— they're a quirky choice that can create a stylish or bohemian feel thanks to their ever-changing pools of light;  

  • Flameless: combining tradition and modern commodities, these electric candles don't actually involve any fire, and can sometimes come with a remote to turn them on and off;

    — flameless candles will last you for years and are the safest option if you've got young kids or adventurous pets running around the house.

How Do You Arrange Candles?

  • For the best results, put candles of different heights together, with the tallest one at the back (for example, three pillar candles on the same plate);

  • Bare standalone candles can help you convey a more minimalist feel or, if they're rather big, become the main centerpiece on a table; opt for natural colors such as cream, dark blue or forest green for a Scandinavian spin;

  • Candelabra with taper candles work particularly well on tables and longer surfaces;

  • If you have a chandelier, thick pillar candles can help you create a dramatic feel, whereas taper shapes would add an element of elegance;

  • Tealights could be used to surround or accent a specific area, such as the top of your fireplace;

  • Jars and candle pots in different shapes and colors are perfect to create a bohemian feel;

  • Placing multiple candles in front of a mirror will trick you and your guests into believing that there are many more; votive candles are particularly handy for this effect;

  • Don't put different scented candles together if you don't know much about aromatherapy, as it could result in clashing smells!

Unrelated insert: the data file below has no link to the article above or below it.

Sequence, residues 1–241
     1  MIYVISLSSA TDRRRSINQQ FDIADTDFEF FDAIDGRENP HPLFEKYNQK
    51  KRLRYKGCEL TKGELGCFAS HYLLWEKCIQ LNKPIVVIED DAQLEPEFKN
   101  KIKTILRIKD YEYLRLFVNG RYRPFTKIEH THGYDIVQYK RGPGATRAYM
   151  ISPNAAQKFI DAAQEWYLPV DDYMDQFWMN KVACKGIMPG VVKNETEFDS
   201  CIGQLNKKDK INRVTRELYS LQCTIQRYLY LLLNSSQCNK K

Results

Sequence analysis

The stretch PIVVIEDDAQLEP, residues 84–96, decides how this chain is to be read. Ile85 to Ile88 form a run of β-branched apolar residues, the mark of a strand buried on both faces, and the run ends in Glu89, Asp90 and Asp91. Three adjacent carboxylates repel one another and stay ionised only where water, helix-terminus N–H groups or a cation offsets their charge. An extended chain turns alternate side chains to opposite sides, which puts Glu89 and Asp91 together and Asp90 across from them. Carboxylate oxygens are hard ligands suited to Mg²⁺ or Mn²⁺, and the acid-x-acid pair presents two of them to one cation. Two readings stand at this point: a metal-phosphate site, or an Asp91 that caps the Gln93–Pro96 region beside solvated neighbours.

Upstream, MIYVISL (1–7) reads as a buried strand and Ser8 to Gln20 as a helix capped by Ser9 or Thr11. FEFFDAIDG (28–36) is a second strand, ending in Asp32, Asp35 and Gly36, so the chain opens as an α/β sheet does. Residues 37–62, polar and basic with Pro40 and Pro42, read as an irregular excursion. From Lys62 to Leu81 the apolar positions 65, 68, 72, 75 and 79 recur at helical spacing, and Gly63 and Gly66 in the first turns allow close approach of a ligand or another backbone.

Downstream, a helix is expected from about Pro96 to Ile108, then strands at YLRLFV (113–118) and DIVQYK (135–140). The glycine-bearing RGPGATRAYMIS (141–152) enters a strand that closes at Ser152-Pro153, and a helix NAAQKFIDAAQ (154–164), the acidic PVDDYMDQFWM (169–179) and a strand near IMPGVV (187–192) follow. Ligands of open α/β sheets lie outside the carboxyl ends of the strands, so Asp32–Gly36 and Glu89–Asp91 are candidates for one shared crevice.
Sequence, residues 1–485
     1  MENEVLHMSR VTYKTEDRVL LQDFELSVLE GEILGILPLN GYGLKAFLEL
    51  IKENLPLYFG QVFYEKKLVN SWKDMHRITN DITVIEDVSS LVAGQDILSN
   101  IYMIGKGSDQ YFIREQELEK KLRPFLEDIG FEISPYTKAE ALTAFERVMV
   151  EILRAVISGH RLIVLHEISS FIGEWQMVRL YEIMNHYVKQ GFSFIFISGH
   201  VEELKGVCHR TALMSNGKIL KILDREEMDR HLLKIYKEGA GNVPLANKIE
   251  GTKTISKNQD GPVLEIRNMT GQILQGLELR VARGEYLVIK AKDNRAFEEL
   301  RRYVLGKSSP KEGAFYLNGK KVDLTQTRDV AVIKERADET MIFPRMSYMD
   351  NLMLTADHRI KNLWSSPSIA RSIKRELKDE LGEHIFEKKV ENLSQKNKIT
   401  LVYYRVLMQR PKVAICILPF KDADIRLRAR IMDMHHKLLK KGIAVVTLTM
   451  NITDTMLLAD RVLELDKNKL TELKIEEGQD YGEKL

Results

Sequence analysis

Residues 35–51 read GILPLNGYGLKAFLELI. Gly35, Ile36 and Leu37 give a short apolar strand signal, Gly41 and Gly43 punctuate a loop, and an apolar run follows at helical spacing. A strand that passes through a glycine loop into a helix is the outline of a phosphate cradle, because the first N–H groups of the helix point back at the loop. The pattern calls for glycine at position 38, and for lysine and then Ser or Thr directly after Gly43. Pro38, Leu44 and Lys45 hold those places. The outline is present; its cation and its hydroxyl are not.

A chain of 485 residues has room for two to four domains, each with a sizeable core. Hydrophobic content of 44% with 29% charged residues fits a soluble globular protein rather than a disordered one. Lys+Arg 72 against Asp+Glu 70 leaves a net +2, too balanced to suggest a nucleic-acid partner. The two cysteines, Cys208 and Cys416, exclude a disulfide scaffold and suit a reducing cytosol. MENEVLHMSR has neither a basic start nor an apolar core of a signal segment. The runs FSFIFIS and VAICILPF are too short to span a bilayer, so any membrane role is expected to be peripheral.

• Make sure that your candles are away from your curtains or any type of object that could easily catch fire.

Should I Choose Scented or Unscented Candles?

  • Scented candles can make your room even cozier and make it smell delightful, crafting a specific atmosphere;

    — for example, you could have a different scent in each room of your house or go for scents that help you achieve a particular mood;  

  • Unscented candles are the best choice if you're only interested in the lighting side of things or if you're already using an oil diffuser as a fragrance;

    — they're a better choice in kitchens and dining rooms, as they help you keep the focus on the smell of your food and avoid combinations that could compromise your appetite.

How Do I Choose a Scented Candle?

If you've decided to opt for scented candles, you can either go for your favorite smells, something that evokes pleasant memories (such as the ones that your grandmother used to light up!), or a scent that can help you stimulate a specific effect:

  • If you want to relax, choose lavender, sandalwood and sweeter candles in general (perfect in your bedroom);

  • To relieve stress and anxiety after a long day at work, the smell of lemon and jasmine can work wonders;

  • Lemon and rosemary can also help you concentrate, so they could be a better choice in your studio;

  • If you're after a little energy boost, look for peppermint and cinnamon.

Are Scented Candles Safe for Pets?

Unfortunately, scented candles are not safe for pets, because they release volatile compounds that can cause stress and airway irritation. You should stick to unscented candles and opt for natural materials, including a cotton wick instead of metal.

Keep in mind that, if you have pets (especially particularly curious cats), any type of candles could constitute a hazard, because they could easily tip them and start a fire.

What Is the Healthiest Type of Candle Wax?

The healthiest types of candles, both for pets and humans, are the ones made of natural wax, such as soy, beeswax or rapeseed.

Most candles contain paraffin, a petroleum-derived product that undergoes chemical treatments; it's popular and cheap, but it can sometimes result in an irritation of your respiratory airway, especially if you already suffer from conditions like asthma.

Jessica started out as an interior photographer, but her love of pretty settings took her to the field of interior design, where she can combine two of her greatest passions, creating and then capturing the beauty of homes.